Escalating one of tech's biggest rivalries, Microsoft is accusing Google of compromising the privacy of Gmail users - levelling the charge in an unusual, in-your-face ad campaign that it hopes will resonate with consumers even if some analysts call it alarmist and irresponsible.
The public attacks - in print, television and billboard messages that warn consumers about the supposed dangers of being "Scroogled," or mistreated by Google - marks a strategic shift in a clash of Internet titans, under the guidance of a bare-knuckle political campaign strategist.
Despite spending billions of dollars to build its own Bing search engine and online advertising service, Microsoft has failed to put much of a dent in Google's dominance of the Internet ad business. It has also gained little traction with a behind-the-scenes effort to convince government officials that Google's business is anti-competitive.
Now the Redmond, Washington, software giant is waging a high-profile, election-style blitz against its Mountain View, California, rival - using public opinion polls, for example, to shape rapid-fire attacks - with the help of Mark Penn, a veteran public relations executive and former campaign adviser to former President Bill Clinton and his wife, former Secretary of State Hillary Rodham Clinton.
Penn, who previously consulted for Microsoft, was hired full time last year.
Penn has been advising Microsoft on how to "take a fairly esoteric and complex issue and make it accessible to people who don't live in technology all day," according to Stefan Weitz, who oversees Microsoft's online businesses.
Public attacks on competitors aren't the norm for most tech companies, but there is precedent. Oracle Corp. has blasted Hewlett-Packard Co. and others. Two years ago, Google accused Bing of copying its search results.
But some industry experts are critical of Microsoft's latest volley, which suggests Google is invading users' privacy by delivering ads tailored to keywords in consumers' email messages. Analysts say the practice, which relies on automated software, has been accepted for nearly a decade.
"The idea that one company is better than the other is disingenuous and deceptive," said consumer advocate Jeff Chester of the Center for Digital Democracy, adding that all major Internet companies collect user data. "If Microsoft was as successful as Google in the search business, you would not hear a peep out of them on privacy."
Another privacy advocate, however, said he's happy to see a big Internet company treat privacy as a competitive feature.
"I think it's very healthy," said John Simpson of the nonprofit Consumer Watchdog, "even if they're using it to make a buck."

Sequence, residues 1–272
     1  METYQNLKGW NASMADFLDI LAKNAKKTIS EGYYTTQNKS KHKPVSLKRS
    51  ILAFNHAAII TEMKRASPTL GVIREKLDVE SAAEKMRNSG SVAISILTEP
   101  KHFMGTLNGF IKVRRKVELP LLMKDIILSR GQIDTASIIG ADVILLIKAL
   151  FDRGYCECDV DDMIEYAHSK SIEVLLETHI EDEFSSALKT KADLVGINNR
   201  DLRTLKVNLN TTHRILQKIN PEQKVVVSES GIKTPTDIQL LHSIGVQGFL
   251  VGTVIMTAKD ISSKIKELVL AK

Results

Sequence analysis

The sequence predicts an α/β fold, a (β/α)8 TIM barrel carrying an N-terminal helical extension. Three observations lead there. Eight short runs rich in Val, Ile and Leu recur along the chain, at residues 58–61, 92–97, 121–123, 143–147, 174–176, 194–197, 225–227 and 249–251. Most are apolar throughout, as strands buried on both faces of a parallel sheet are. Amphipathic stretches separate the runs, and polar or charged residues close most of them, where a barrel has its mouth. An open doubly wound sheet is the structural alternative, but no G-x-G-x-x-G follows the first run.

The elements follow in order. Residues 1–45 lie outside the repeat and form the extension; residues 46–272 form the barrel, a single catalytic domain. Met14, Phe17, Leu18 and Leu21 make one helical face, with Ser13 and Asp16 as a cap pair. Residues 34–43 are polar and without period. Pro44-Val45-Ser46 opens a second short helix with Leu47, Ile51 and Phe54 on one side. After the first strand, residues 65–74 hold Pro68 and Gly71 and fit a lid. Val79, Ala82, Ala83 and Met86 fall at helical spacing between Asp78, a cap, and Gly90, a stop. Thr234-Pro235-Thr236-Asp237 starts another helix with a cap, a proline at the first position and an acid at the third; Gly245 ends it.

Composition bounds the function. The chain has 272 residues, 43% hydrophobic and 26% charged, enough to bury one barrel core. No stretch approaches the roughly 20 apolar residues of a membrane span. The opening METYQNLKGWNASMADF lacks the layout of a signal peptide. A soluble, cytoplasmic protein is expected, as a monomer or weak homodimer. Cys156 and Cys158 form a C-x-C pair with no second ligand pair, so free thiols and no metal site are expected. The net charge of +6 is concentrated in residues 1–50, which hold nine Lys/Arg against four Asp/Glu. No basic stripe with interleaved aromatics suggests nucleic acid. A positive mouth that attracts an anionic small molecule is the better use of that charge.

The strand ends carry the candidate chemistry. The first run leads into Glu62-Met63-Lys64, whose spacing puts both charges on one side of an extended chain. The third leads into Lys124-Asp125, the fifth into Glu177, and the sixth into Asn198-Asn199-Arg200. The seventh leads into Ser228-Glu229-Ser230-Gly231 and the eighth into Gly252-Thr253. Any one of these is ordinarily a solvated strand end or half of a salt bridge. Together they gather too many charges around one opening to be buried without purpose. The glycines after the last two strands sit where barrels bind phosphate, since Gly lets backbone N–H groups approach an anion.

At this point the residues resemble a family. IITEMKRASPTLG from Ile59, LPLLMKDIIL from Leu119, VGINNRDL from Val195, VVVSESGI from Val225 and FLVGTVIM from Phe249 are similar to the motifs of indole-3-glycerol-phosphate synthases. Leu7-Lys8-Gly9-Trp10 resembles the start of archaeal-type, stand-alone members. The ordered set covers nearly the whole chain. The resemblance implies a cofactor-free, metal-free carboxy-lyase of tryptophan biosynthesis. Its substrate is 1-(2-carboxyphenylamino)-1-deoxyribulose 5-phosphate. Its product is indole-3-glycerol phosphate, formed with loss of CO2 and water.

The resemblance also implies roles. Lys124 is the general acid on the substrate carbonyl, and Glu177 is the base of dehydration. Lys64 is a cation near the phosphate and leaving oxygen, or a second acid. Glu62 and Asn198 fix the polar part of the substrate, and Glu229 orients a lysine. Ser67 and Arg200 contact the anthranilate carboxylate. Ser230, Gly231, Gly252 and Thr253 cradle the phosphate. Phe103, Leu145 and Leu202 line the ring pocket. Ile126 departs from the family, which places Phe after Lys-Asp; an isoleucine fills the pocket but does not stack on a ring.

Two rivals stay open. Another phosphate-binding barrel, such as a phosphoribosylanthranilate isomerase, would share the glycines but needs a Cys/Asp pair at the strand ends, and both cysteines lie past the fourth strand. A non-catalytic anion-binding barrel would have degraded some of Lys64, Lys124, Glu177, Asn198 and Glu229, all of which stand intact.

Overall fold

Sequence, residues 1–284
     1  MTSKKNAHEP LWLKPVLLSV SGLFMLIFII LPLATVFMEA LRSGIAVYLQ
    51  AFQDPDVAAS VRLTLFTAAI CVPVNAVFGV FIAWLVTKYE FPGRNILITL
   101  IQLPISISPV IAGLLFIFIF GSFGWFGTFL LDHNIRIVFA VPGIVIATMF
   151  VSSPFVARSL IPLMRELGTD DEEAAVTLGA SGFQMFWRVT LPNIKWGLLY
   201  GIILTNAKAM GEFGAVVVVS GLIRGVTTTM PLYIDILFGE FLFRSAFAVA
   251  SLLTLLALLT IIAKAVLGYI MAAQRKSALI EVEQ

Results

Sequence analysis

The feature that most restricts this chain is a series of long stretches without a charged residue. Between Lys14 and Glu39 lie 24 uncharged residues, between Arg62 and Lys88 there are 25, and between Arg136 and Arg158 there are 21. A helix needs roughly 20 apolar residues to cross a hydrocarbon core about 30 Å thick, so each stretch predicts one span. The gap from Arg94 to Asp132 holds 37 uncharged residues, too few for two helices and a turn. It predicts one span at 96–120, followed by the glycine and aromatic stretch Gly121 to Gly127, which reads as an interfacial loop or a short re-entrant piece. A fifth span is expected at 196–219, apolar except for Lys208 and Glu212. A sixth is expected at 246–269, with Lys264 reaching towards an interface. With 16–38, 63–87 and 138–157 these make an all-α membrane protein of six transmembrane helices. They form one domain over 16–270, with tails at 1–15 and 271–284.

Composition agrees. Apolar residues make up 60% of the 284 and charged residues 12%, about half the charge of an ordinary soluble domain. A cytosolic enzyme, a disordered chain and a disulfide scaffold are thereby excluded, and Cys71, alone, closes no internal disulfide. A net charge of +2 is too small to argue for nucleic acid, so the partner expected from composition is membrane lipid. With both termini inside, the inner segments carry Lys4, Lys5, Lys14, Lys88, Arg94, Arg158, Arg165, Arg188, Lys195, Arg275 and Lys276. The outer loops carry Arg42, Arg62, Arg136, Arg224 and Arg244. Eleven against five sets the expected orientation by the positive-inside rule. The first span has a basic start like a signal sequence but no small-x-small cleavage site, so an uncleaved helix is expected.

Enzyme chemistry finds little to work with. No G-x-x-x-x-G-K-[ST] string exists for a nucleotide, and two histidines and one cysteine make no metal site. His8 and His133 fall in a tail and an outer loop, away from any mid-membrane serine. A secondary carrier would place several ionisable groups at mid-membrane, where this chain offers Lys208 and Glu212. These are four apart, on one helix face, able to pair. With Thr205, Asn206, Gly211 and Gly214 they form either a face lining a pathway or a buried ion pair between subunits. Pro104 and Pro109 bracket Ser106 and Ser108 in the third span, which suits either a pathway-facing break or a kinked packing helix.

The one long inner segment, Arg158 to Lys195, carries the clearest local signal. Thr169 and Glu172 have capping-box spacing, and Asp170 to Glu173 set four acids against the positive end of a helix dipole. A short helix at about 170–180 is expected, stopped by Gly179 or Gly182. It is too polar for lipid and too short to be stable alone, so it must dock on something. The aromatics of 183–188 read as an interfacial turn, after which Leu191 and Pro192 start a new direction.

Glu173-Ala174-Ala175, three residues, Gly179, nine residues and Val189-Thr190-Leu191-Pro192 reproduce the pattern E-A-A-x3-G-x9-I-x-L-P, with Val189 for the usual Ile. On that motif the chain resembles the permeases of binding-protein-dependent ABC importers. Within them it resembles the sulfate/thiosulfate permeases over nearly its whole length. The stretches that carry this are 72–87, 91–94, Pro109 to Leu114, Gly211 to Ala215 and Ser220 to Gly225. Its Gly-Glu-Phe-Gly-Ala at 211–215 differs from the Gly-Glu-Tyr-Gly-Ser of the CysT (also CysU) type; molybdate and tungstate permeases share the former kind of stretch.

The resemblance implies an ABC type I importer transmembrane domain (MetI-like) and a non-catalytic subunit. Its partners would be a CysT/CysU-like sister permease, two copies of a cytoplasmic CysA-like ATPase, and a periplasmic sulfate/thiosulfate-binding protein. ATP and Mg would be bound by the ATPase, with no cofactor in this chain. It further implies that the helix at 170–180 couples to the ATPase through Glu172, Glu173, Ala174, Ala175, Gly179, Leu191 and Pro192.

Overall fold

Microsoft first showed its new strategy in the fall with a campaign urging consumers to compare Bing and Google search results. It followed up with ads that criticized a recent change in Google's shopping search service, which had begun showing only results from merchants who pay to be included.
Google says its new shopping search policy means consumers get the most accurate listings, but Microsoft and other critics accused Google of quietly abandoning objective results.
The attack drew a backlash, however, after the influential blog Search Engine Land reported Bing's shopping service was also requiring merchants to pay for listings.
While Microsoft says it now accepts free listings, blogger Danny Sullivan, the founding editor of Search Engine Land who sharply criticized Google's shopping listings, concluded that "Bing itself does the same things it accuses Google of."
Microsoft launched another round of ads this month that attack Google's widely used email program, the free, Web-based service Gmail.
"Google looks for keywords in your personal email and uses them to target you with paid ads," Microsoft charged. In an interview, Weitz cited a Microsoft poll that found people overwhelmingly disapprove of that practice, which he said consumers view as "creepy."
The poll itself, and the Microsoft ads, don't specify how emails are scanned. In a statement, Google said "no humans read your email" and said Gmail ads are chosen by "an automated algorithm" similar to programs that screen out spam.
Google has operated Gmail on the same model since 2004, using software that automatically looks for keywords, such as names of consumer products or travel destinations, which trigger the display of relevant ads.
"Nobody from Google or its advertisers has the ability to come to your house or call you on the phone as a result" of the Gmail program, said Rebecca Lieb, digital ad analyst for the Altimeter Group. "I think it's irresponsible to raise alarms about things that aren't adequately explained."
Microsoft's own Web-mail service, Outlook.com, doesn't tailor ads to the content of emails, but it does shows ads based on age, gender and other details that users provide when they open an account.
Weitz conceded Microsoft's campaign may not resonate with tech-savvy industry insiders. But citing comments posted on a Microsoft website, he added, "A number of folks in the mainstream are saying there's a point here. Their response is uniformly outraged."